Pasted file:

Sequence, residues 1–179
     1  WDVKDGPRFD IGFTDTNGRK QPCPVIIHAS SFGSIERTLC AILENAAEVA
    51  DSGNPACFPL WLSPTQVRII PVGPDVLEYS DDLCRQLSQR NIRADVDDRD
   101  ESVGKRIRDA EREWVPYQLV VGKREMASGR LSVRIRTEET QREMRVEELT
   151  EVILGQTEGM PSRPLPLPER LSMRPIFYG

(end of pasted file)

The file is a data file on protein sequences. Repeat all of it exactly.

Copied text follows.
Sequence, residues 1–179
     1  WDVKDGPRFD IGFTDTNGRK QPCPVIIHAS SFGSIERTLC AILENAAEVA
    51  DSGNPACFPL WLSPTQVRII PVGPDVLEYS DDLCRQLSQR NIRADVDDRD
   101  ESVGKRIRDA EREWVPYQLV VGKREMASGR LSVRIRTEET QREMRVEELT
   151  EVILGQTEGM PSRPLPLPER LSMRPIFYG